Schroeder, E. T., M. Villanueva, D. D. West, and S. M. Phillips. 2013. Are acute post-resistance exercise increases in testosterone, growth hormone, and IGF-1 necessary to stimulate skeletal muscle anabolism and hypertrophy? Med. Sci. Sports Exerc. 45:2044–2051.

Mangine, G.T., Hoffman, J.R., Townsend, J.R., et. al. The effects of training volume and intensity on improvements in muscular strength and size in resistance-trained men. Physiol Rep, 3 (8), 2015, e12472, doi: 10.14814/phy2.12472

Jefit Continues to Evolve Celebrating 10-Years of Growth

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This is a really big month for Jefit, as the company celebrates our 10-year anniversary this week. The genesis of Jefit was finding a solution to a personal problem Mr. Ying Lin, Founder & CEO, was experiencing when working out at the gym. There were not enough systems in place for him to record and track his workouts.

Since those early days, we have become one of the top digital apps used for planning & tracking individual strength training workouts. The Jefit app recently hit a big milestone when it surpassed 9 million members.

The team has continued to grow over the years and we are always looking for good team players to come on board with us.

The following screenshots depict what the website and app looked like more than a decade ago (on the left) compared to today (on the right).

What Jefit Looks Like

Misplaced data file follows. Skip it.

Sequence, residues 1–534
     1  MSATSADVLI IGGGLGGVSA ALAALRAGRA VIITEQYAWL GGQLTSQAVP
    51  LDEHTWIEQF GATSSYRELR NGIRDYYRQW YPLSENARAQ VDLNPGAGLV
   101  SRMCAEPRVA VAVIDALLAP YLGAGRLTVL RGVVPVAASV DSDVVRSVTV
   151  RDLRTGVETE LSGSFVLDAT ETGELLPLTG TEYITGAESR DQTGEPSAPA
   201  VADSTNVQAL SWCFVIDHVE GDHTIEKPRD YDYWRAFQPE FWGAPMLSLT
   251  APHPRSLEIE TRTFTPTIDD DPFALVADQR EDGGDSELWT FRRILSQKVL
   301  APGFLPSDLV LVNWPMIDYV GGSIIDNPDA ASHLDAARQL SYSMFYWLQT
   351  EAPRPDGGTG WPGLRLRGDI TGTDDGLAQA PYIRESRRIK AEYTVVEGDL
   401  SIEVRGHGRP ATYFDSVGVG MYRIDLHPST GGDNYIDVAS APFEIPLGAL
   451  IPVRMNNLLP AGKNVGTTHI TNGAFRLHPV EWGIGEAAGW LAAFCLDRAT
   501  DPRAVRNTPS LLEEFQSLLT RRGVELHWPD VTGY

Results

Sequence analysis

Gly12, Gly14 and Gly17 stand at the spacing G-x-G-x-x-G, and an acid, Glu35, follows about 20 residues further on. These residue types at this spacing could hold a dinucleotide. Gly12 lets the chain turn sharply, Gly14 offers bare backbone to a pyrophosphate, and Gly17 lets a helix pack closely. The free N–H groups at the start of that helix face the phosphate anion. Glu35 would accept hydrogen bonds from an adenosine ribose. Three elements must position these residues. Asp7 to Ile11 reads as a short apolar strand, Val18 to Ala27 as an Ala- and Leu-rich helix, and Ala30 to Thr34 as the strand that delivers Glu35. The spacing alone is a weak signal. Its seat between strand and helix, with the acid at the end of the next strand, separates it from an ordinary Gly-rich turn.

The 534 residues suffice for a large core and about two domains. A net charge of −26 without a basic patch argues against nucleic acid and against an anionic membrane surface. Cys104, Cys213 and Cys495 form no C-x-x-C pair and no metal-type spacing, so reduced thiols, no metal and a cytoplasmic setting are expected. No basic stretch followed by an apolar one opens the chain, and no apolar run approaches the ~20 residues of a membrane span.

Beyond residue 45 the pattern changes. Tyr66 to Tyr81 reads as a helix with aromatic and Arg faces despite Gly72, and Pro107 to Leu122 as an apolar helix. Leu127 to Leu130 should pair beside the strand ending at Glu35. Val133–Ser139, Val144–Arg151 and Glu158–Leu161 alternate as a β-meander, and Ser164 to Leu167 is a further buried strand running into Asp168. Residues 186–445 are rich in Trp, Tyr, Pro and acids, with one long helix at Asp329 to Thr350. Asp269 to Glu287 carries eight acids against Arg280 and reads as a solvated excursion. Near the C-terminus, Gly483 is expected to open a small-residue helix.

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Jefit to Release a Host of New Features Soon

The company has continued to improve our brand and product features for both the website and our award-winning app. New features include updates in four key areas found in the app.

New Superset Sharing Feature

Jefit members will soon have the ability to share their workouts that have supersets added as part of a workout. This functionality was not previously available.

Interval-Based Timer Option

The Jefit workout options are about to improve significantly now that the software has the ability to create interval-based workouts. When you edit a workout you will soon have five options to choose from to customize a typical strength training session. You can build a workout to match your needs by using the appropriate number of sets, repetitions, rest, interval time and supersets as seen below.

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Look for the Jefit Database to Increase to 1400 Exercises

The Jefit exercise database has increased to 1400 exercises since adding more than 60 new exercises. Explosive bodyweight exercises like a Burpee, in addition to a Hex-bar Deadlift, Kettlebell Farmer’s Carry, DB Suitcase Carry, TRX Inverted Row, Kettlebell Swing, Side Plank, Ab Wheel Rollout and Split Squats to name just a few. Four new “exercise types” were also added, increasing the total to eight categories. The new categories include dynamic warm-up, explosive, yoga, and mobility. More than 30 of the 64 newly created exercises fall under Jefits’ most popular exercise heading which is strength training.

Exercise “Equipment Needed” Updated

The Jefit equipment menu was updated bringing the total number of equipment choices to 20. New exercise equipment including the stability ball, weight plate, Hex-bar, TRX suspension, medicine ball, Bosu ball, and Ab Roller.

We look forward to continuing to support our members through periodic updates which in turn will continue to improve app functionality. Thank-you for the past ten years. We look forward to helping change the lives of Jefit members for many years to come. Stay Strong! – the Jefit Team.